You don't gain 100 pounds quickly. But pregnancies, a slowing metabolism and poor eating habits can slowly pile on those extra pounds. Just as you didn't gain the weight overnight, you shouldn't expect to lose it quickly, either. But if you're patient and committed, you can lose 100 pounds without resorting to pills or surgery. The secret is simple: good old-fashioned diet and exercise. Aim to lose 10 percent of your body weight in six months and reevaluate your weight-loss goals after meeting this target.
1 Set an initial goal of losing 10 percent of your body weight over a six-month period as recommended by the National Heart, Lung and Blood Institute's "Clinical Guidelines on the Identification, Evaluation, and Treatment of Overweight and Obesity in Adults." For instance, if you weigh 260 pounds, your initial goal should be to lose 26 pounds in six months -- or one pound per week.
2 Add exercise to your routine. According to the NHLBI, you should start with a simple plan of walking for 30 minutes three days a week, for a total of 90 minutes per week. Build up to 45 minutes of walking five days per week, for a weekly total of 225 minutes. Walk your children to school instead of driving them to get your exercise and set a good example. If you have young kids, take them in a stroller so you don't need to find a sitter while you exercise.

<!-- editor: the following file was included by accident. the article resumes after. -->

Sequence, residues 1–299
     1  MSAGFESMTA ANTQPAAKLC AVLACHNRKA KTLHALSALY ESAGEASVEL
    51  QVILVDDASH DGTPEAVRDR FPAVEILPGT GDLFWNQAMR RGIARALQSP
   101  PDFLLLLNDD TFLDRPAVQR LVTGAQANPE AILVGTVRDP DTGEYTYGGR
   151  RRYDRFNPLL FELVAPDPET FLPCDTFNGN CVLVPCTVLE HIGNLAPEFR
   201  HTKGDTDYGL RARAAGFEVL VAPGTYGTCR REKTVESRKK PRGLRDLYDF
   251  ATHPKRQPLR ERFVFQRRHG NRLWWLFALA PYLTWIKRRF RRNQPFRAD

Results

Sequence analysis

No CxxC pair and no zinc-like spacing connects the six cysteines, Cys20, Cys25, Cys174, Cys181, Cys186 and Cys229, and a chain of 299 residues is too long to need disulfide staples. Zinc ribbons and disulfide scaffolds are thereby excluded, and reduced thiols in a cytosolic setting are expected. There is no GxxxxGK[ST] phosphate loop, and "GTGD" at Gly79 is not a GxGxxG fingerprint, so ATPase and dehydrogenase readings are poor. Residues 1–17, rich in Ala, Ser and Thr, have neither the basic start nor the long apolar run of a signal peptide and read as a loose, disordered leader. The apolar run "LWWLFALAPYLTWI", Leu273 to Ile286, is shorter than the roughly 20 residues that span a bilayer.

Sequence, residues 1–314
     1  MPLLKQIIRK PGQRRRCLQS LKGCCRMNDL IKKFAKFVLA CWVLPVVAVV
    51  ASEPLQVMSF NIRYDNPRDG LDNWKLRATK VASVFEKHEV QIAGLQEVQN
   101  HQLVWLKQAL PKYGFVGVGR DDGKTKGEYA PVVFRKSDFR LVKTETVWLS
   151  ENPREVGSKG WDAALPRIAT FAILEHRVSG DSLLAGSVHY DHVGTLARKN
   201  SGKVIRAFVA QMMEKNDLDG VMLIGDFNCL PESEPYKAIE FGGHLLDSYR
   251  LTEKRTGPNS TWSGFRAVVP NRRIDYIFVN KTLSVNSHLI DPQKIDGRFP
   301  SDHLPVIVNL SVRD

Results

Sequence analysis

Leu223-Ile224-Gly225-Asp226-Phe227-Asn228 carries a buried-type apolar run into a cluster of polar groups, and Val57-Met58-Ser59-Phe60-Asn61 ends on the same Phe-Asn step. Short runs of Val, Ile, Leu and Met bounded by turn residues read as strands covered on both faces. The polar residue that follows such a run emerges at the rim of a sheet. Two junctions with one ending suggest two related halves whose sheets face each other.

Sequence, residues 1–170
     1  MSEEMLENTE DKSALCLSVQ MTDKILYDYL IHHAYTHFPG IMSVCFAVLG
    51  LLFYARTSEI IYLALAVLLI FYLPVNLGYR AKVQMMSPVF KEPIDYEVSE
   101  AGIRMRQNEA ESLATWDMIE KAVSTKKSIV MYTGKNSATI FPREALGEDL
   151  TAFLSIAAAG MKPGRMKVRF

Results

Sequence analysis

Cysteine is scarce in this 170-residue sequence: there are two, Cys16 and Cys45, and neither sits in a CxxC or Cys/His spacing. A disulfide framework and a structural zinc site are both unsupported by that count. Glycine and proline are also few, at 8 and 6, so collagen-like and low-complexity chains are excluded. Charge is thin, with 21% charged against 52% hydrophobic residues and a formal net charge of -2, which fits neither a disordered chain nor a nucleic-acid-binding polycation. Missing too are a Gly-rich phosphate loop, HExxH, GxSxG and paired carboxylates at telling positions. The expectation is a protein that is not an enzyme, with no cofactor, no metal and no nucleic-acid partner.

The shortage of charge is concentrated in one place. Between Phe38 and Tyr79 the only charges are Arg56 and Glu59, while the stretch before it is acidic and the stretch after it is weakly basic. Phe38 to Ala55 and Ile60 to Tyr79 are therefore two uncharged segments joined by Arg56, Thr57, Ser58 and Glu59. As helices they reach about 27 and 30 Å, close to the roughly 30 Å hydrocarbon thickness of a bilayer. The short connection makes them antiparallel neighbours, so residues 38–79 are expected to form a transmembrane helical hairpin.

3 Create a calorie deficit by reducing your calorie intake in addition to burning calories from exercise. One pound of fat is equal to 3,500 calories, so you can find your daily calorie deficit goal by multiplying your weekly weight-loss goal by 3,500 and dividing by seven. For instance, a weekly weight-loss goal of one pound is equal to a daily deficit of 500 calories.
4 Reevaluate your weight-loss goals after six months. For instance, if you initially weighed 260 pounds and you lost 10 percent of your weight, you would still need to lose 74 pounds to achieve your goal of losing 100 pounds.
5 Continue increasing your exercise. According to the American College of Sports Medicine, you'll need to exceed 250 minutes per week to see clinically significant weight loss. In addition to walking, add other simple family activities, such as playing soccer with your kids or going on hikes.
6 Create a new calorie deficit to lose the additional weight. According to the NHLBI, it's safe to aim for weight loss of between one and two pounds per week. This is equal to a daily deficit of 500 to 1,000 calories. Keep in mind that you calorie deficit comes from both increased activity and a reduction in your calorie intake.
- Always consult a doctor before beginning a weight-loss program.
- Centers for Disease Control and Prevention: Losing Weight
- National Heart, Lung and Blood Institute: Clinical Guidelines on the Identification, Evaluation, and Treatment of Overweight and Obesity in Adults
- American College of Sports Medicine: ACSM Position Stand on Physical Activity and Weight Loss Now Available
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